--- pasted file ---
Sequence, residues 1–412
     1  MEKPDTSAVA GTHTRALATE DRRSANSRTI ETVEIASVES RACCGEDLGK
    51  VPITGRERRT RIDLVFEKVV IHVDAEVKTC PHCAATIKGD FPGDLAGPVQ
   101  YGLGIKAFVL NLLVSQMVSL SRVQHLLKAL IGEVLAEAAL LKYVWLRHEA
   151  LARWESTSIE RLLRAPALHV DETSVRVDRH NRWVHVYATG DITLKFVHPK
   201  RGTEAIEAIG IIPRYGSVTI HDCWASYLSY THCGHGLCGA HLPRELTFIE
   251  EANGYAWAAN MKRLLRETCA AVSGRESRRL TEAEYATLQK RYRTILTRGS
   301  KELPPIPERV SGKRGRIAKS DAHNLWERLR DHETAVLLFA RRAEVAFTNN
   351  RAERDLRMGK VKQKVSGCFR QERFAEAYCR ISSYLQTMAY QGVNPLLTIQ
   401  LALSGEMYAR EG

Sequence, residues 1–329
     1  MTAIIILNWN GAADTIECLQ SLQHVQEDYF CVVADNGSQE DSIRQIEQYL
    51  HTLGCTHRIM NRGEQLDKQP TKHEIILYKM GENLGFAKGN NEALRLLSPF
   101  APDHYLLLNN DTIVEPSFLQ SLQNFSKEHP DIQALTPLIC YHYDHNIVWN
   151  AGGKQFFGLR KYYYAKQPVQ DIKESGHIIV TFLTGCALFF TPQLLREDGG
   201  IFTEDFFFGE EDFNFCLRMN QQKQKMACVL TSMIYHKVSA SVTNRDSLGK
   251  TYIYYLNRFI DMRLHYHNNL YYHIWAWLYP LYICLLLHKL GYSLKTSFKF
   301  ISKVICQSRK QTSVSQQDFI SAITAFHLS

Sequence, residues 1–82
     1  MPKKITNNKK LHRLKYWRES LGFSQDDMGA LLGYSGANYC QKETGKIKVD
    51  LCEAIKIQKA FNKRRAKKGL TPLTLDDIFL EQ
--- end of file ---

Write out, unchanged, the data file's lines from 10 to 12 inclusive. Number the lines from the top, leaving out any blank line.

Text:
   401  LALSGEMYAR EG

Sequence, residues 1–329
     1  MTAIIILNWN GAADTIECLQ SLQHVQEDYF CVVADNGSQE DSIRQIEQYL